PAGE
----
Wednesday, January 2, 2008

For Christmas we once again made the painfully long and dull trek across Pennsylvania, Ohio, Indiana, Illinois, Wisconsin, and into Minnesota. The trip totals almost exactly 1,000 miles each way and takes us 20 hours. We stop "half-way" in South Bend, IN, to stay with my incredibly hospitable brother and his family who, without fail, take us weary travelers into their home and fix us up so that we can make the second leg of the journey. They always bless us with a comfortable place to repose and shake away the monotony of the topography we have just traversed, a beer or other strong drink to enhance our sweet repose and melt away the long hours, and their company to enjoy our repose with and make the whole trip worthwhile.

Inevitably morning comes too soon and we must take leave of them to cross the rest of the Great Midwest. Even the two cups of coffee in my system and having delayed our departure by 1 1/2 hours until 10 A.M. (we notoriously hate leaving. In fact, on the way back we added an extra day to the stay at my parent's and at my brother's and then got snowed in another day!) could not combat the time change and our late night of merriment. Continuing our journey on I-80 through Chicago to MN seemed positively cruel. But visions of sugar-plums in the shape of Mom, Dad, and little brother, danced through our heads and we plowed onward through the dull scenery.

The next several days were a euphony of the lively chatter of nine adults who hadn't seen each other in months, the mischievous little footsteps of two kids, the crawls of a baby chasing them, and the curious gazes of two smaller babies watching them. This all was punctuated by a pinging and ponging coming from the basement that could almost always be heard in the background if one listened carefully. For as long as I can remember croquet had been our family sport. It was the excuse to dawdle in the backyard together chatting, defending ourselves from the ravenous midwestern mosquitoes, and exercising our competitive spirits in a (usually) friendly competition. Zero degree weather and a foot of snow, however, prevented even the most devoted among us from gathering around the croquet course. My ingenious and ever-thoughtful father had anticipated this and had a brand new ping pong table ready to take the place of croquet in the family gathering and lore. His plan worked marvelously as a replacement. There was actually an official family tournament complete with the multi-bracket tournament schedule posted on the wall. Proudly, I took second overall and first in the women's division.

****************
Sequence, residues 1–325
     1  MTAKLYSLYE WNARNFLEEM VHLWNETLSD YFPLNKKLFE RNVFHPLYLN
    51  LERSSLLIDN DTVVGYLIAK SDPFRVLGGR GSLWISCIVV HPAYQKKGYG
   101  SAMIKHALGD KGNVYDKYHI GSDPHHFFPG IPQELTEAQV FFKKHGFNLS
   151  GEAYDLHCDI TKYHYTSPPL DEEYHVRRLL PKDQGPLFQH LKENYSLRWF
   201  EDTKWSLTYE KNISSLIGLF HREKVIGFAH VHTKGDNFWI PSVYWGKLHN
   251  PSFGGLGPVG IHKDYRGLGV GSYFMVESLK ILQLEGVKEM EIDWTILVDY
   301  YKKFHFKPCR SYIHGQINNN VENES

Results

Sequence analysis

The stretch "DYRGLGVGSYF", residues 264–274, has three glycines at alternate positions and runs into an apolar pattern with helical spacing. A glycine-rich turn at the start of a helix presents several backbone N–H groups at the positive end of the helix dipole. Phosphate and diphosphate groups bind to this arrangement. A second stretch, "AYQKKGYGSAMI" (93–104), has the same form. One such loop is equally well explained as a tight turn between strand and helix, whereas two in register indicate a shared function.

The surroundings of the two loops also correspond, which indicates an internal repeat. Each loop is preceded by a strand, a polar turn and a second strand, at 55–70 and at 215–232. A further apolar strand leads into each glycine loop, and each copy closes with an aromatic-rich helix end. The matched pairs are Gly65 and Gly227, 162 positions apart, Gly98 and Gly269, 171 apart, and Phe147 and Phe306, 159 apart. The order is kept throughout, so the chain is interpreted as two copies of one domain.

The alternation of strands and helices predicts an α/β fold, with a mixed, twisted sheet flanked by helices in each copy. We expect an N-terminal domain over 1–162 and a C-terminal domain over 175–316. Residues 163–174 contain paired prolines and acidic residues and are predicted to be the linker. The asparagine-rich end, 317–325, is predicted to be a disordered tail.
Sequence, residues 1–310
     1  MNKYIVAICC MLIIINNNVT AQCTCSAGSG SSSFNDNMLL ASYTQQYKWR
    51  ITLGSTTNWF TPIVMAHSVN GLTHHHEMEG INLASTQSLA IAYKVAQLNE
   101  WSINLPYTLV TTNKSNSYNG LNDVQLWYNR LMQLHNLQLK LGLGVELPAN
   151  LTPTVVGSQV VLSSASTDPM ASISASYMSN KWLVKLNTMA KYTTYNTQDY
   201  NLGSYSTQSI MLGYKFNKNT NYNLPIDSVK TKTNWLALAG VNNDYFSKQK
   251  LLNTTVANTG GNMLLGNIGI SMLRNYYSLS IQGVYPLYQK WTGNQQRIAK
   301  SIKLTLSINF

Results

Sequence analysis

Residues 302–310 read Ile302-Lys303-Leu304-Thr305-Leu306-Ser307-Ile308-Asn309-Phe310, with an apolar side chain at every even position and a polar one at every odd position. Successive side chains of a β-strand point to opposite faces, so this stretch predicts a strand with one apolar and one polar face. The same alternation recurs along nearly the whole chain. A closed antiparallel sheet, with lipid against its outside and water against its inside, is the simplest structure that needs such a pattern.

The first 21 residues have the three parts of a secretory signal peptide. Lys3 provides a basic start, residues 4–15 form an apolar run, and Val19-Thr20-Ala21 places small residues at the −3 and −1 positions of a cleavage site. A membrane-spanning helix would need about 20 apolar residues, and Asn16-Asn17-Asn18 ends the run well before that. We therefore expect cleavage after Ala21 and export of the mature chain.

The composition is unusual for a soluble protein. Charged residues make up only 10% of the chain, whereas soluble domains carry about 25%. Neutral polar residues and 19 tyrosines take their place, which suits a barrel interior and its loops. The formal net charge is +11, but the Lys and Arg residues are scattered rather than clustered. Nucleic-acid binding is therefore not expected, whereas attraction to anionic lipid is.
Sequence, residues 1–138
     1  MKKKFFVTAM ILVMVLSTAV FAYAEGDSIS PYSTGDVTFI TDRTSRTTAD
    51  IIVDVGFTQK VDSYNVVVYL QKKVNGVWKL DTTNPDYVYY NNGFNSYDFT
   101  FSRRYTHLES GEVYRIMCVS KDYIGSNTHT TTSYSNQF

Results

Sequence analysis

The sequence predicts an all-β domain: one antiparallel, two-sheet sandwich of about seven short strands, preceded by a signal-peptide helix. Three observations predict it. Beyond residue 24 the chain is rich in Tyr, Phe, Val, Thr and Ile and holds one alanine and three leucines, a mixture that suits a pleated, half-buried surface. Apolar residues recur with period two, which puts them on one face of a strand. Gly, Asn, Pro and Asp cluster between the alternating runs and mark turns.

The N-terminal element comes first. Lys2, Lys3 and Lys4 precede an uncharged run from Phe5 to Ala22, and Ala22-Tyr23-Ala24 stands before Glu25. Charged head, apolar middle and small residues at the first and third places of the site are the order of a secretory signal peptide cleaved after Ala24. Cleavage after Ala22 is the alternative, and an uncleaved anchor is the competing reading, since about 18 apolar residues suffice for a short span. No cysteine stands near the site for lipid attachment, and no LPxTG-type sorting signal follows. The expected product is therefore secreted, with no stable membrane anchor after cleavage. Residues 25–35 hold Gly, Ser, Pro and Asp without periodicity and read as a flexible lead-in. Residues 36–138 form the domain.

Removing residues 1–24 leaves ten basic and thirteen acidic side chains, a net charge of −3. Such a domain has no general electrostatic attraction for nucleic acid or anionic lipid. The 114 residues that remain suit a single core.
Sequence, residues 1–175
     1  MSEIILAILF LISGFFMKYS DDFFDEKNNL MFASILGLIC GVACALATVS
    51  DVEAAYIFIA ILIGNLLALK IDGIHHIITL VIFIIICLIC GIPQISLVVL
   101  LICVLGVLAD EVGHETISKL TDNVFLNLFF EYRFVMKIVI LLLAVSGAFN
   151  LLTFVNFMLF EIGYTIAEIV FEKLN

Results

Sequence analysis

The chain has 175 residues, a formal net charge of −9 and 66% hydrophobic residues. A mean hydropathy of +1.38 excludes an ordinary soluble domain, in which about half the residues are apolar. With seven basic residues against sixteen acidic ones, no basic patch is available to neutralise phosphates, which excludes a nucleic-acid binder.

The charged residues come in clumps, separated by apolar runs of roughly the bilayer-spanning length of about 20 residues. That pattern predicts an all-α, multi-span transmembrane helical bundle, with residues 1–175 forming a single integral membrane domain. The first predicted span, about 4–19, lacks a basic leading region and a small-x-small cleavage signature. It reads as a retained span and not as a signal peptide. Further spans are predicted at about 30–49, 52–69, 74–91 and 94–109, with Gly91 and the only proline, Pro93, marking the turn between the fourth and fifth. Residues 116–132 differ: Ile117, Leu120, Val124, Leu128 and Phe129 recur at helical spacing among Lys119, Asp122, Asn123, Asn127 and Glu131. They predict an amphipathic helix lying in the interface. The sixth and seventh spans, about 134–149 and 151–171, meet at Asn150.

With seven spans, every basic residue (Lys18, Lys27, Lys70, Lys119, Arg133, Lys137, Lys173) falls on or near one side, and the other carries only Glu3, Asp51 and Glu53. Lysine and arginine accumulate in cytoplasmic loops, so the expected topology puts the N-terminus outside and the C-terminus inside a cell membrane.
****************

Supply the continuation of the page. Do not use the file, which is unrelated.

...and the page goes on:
Other than ping pong, cards, and watching 24 (an extremely addictive TV drama), we really just enjoyed each others' company and were amused by the kids. Here are a few samples:
  • My four-year-old nephew and his two-year-old niece were sharing bunk beds and frequently came upstairs with excuses about why they could not sleep. Here's my favorite: "Mommy, Ellie tooted and it stinks too much so I can't sleep."
  • My niece has a special secret that she likes to share with my husband when he asks. He comes up to her and says, "Ellie, I have a secret." Her eyes get really big and she comes really close, "What?" She whispers in her really cute little voice. My husband pauses for a second and doesn't say anything and she whispers back, "baby" as if she were the one with the secret.
  • Their parents woke up in the middle of the night to Stephen walking around wailing that he lost his goat (we think it was because he had been playing with a stuffed animal the day before) and couldn't find it while his little sister trailed him dragging her blanket and pathetically repeating "goat", "goat" after him.
The vacation went far too fast and the time before the next one will be far too long, but I count myself incredibly blessed to have such a wonderful and large family. So, until the next ping pong (hopefully ping pong and not croquet, for I'm loads better at it than croquet) game, I must make my own fun.

No comments:

Post a Comment